The Shelf Life and Storage of Pepper Spray

Too many people who purchase pepper spray stow it away in convenient locations and then forget about it. It is crucial that you replace your pepper spray every few years, or it will lose effectiveness. Can you think of anything worse than pulling out your pepper spray in a self defense situation, only to find that it no longer works as it should? Pepper spray that was purchased five or more years ago should not be relied on to stop an attack. If you can't remember when you bought it, it is probably time for a replacement.

Like any other aerosol spray product, the ingredients allowing the pepper spray to come out of the can in a fine mist break down over time. If you try to spray pepper spray that has gone too far past its shelf life, it may sputter out of the can rather than coming out in the solid, forceful stream that you are expecting. If too much of the aerosol propellant has leaked from the can, it may not spray at all. In other cases, it may not spray as far as usual. As a result, you may have to get closer to your attacker in order for the spray to reach them.

A pepper spray's effectiveness resulting from a chemical compound known as Oleoresin Capsicum (OC) may also become reduced over time. A natural compound derived from hot peppers, there is some evidence that OC may become less effective over time, particularly if the canister has been stored in  excessive sunlight. If the OC has degraded, the chemical potency may be reduced, meaning that the pepper spray will be less effective in taking your attacker down quickly. However, research has shown that as the pepper spray passes its expiration date, the propellant allowing the pepper spray to leave the can is more likely to become ineffective than the pepper spray itself.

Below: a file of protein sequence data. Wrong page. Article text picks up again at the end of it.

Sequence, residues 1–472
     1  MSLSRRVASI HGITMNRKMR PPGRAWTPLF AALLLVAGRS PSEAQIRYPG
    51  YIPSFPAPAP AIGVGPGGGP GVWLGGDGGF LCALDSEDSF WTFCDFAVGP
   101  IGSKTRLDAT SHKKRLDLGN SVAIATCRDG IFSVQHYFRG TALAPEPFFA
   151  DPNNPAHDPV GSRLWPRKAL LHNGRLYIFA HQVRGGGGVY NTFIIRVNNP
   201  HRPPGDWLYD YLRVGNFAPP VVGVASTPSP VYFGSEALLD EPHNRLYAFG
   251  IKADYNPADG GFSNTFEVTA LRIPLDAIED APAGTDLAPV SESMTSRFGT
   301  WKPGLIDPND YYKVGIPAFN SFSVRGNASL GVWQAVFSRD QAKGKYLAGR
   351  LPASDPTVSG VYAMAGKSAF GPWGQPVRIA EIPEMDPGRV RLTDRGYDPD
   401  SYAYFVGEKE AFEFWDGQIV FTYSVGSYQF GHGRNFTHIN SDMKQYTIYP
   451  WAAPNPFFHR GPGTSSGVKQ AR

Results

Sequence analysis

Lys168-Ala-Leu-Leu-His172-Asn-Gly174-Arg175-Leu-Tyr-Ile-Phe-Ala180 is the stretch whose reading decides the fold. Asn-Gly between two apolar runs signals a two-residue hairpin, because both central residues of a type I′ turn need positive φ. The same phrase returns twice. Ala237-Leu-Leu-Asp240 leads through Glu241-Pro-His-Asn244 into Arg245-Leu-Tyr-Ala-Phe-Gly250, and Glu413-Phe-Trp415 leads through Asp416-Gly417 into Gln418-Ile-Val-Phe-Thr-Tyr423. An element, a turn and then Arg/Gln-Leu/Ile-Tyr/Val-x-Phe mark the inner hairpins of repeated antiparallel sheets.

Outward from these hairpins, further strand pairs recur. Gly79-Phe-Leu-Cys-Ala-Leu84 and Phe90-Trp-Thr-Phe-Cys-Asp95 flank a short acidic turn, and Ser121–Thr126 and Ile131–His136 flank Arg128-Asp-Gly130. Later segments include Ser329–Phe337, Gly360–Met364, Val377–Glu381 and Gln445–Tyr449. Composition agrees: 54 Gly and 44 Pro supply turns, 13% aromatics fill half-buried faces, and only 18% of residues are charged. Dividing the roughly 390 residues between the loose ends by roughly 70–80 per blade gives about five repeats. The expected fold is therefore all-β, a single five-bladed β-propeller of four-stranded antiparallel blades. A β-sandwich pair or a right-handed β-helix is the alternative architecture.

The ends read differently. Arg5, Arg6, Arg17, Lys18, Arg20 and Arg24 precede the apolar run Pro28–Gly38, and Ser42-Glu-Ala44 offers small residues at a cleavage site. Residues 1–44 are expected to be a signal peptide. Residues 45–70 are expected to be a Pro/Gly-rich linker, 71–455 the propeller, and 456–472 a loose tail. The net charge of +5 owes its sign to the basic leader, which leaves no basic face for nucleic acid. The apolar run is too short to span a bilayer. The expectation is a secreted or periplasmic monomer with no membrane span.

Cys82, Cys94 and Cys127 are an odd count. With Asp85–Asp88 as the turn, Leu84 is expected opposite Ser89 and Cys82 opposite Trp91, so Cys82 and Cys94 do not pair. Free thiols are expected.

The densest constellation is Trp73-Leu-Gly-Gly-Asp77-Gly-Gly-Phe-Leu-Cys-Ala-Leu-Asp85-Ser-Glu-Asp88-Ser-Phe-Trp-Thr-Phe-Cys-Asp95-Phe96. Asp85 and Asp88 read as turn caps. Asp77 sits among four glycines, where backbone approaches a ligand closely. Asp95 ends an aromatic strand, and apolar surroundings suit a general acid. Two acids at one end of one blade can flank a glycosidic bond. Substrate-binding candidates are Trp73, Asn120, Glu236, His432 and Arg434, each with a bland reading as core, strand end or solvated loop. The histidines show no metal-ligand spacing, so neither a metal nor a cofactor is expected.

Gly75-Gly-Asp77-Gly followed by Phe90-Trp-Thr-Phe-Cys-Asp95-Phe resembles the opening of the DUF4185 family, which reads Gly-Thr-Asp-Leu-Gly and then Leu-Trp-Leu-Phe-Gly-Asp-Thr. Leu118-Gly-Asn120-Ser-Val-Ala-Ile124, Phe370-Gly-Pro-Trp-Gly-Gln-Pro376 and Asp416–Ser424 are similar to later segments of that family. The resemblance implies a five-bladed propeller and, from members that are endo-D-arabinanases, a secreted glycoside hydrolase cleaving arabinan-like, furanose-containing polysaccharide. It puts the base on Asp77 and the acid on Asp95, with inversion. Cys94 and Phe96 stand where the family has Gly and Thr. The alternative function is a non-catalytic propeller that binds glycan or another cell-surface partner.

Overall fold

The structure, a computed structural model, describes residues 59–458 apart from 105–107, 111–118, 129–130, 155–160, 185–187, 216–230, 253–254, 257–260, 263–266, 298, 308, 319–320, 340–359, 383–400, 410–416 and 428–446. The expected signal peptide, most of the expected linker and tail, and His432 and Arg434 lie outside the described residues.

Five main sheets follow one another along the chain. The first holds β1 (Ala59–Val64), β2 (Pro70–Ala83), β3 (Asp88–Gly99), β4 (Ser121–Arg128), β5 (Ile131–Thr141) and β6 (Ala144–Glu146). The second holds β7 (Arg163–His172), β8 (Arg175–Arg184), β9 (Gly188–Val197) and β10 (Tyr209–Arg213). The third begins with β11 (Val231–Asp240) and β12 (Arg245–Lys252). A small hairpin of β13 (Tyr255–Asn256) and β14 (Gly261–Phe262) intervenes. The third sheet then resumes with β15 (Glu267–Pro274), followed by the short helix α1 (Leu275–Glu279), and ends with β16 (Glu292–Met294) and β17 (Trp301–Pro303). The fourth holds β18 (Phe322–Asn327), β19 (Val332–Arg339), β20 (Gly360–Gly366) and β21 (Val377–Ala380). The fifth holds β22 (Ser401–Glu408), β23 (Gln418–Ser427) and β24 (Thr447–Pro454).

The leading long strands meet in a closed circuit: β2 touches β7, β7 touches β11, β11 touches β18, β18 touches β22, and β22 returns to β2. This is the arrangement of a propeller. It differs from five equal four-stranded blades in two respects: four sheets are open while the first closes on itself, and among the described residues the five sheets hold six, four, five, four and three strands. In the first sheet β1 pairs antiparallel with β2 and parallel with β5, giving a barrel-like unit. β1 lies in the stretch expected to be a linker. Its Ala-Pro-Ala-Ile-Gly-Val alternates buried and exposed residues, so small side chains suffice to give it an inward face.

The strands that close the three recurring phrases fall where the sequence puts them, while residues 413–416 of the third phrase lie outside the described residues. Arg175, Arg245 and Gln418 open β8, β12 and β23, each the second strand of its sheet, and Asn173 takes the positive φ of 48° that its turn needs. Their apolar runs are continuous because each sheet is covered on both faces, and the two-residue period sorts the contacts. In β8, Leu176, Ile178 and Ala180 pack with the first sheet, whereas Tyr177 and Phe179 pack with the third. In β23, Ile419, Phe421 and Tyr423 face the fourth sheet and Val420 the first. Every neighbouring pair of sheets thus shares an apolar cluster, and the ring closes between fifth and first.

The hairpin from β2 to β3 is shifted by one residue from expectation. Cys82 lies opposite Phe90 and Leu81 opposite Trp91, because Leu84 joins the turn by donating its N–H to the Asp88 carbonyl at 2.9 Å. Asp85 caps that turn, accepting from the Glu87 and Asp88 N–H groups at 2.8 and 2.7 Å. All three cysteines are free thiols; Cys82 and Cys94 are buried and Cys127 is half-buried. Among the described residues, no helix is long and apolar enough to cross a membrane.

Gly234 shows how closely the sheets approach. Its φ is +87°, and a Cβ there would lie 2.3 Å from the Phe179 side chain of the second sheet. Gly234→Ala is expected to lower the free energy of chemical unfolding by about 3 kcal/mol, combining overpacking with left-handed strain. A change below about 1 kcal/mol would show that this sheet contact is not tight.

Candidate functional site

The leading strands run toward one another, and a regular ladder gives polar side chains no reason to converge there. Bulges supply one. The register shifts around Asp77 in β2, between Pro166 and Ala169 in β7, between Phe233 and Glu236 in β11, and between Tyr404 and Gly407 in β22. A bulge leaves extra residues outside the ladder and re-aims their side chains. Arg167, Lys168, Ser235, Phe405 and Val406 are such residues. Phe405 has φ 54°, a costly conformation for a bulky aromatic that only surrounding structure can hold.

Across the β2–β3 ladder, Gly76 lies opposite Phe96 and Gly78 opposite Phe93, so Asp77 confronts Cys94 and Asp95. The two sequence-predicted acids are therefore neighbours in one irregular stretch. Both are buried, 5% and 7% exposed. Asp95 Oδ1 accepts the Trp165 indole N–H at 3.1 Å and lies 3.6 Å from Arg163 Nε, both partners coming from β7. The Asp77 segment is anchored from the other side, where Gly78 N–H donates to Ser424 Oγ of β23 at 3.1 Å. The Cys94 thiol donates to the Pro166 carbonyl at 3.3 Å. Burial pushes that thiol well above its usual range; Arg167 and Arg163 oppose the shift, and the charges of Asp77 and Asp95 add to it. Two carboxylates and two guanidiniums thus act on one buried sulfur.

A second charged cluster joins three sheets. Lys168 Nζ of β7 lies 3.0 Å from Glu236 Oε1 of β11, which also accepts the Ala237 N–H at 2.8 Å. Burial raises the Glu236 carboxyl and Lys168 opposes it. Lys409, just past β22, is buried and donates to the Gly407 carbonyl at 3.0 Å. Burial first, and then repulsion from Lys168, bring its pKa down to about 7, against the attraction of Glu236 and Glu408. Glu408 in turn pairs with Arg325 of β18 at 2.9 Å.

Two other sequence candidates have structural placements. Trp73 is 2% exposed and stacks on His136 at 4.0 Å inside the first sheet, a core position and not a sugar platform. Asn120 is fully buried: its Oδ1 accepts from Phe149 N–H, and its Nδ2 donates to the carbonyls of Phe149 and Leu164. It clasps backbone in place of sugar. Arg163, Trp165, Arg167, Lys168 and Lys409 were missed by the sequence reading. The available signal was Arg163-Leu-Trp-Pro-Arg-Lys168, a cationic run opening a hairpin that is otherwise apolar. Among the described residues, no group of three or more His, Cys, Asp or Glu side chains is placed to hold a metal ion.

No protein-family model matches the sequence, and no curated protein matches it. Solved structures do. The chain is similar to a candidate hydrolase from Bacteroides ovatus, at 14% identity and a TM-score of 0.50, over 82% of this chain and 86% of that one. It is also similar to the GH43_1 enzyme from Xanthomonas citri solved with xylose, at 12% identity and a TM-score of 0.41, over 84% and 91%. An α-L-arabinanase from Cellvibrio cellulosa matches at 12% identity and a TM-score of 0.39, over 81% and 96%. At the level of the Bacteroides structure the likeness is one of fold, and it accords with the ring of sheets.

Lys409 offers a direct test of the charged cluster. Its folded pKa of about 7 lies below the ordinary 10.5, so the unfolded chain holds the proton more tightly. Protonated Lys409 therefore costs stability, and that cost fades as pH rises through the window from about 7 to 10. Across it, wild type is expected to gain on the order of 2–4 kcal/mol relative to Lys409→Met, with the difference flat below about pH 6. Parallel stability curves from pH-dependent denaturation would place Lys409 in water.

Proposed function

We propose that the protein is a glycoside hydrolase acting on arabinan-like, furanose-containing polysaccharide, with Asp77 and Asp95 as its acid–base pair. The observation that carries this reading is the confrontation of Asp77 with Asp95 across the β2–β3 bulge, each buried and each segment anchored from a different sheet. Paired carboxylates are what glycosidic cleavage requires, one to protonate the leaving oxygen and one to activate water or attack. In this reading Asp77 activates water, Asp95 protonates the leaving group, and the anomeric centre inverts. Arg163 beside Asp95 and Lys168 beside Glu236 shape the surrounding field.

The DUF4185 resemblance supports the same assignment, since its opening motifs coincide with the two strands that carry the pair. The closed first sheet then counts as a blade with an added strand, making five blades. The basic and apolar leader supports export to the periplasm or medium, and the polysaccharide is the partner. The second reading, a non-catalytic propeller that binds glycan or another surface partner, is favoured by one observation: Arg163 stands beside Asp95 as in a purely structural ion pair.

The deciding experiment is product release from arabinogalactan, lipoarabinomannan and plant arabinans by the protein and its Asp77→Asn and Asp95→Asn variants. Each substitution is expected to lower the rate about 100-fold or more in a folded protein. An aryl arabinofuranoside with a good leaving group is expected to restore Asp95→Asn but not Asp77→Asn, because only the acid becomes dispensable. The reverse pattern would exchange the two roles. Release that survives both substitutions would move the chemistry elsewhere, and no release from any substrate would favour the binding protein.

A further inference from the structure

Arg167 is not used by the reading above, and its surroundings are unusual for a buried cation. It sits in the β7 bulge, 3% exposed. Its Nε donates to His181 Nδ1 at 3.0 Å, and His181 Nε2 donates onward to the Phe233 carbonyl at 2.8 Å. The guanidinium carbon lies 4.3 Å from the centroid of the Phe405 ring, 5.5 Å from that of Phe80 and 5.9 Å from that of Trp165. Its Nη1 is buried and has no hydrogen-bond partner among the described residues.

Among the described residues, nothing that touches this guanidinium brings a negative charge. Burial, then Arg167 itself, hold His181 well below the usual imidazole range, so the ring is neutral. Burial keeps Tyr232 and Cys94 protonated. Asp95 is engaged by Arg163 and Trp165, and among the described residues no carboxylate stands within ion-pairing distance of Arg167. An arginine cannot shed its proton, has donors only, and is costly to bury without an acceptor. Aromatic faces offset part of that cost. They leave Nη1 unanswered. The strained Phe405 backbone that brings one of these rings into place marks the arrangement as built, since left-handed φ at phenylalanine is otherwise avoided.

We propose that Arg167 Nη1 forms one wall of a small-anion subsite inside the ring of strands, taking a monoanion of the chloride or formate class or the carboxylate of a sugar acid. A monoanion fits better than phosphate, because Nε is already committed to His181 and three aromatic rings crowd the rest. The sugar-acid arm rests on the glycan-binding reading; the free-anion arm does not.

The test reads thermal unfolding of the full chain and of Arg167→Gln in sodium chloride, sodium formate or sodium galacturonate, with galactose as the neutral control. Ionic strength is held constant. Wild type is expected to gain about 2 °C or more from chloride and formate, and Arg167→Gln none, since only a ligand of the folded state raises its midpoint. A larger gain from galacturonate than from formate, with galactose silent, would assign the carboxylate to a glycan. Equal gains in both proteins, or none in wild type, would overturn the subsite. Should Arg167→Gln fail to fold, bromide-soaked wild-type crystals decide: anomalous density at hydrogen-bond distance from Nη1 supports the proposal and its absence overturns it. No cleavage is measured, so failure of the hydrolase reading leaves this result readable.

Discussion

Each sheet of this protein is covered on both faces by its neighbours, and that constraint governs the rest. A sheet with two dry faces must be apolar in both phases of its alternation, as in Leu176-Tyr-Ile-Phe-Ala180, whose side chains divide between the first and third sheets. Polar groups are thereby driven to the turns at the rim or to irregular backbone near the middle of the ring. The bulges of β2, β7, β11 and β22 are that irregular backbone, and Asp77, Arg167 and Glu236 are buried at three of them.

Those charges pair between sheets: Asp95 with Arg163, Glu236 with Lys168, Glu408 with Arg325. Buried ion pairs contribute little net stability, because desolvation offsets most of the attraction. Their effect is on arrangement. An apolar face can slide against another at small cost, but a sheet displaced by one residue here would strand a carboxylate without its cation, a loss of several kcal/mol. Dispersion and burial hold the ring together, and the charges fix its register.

The average effective life of pepper spray is about 3 to 4 years. Most will have an expiration date stamped on the canister; take a look so that you can make a mental note of when it should be replaced. If your canister does not have an expiration date, most experts advise replacing it the next time you change your smoke alarm batteries, which should be done yearly. By replacing your pepper spray on a yearly schedule, you can be assured that it will work exactly as you expect when you need it.

You can also test the effectiveness of the aerosol propellant in your can of pepper spray. Outdoors and standing upwind, spray a one second burst. Does it come out in a solid stream, or does it sputter? Once you replace your pepper spray, the old canister can be used for training and practice on an outdoor target. Be very careful not to spray yourself with the pepper spray when testing or training.

Proper storage of your pepper spray can extend its shelf life. Always store it at room temperature. Extremes of either hot or cold can cause changes in the chemicals inside the canister. Very hot temperatures, such as those found inside your car on a summer day, can even cause the canister to burst.

By James Shaw

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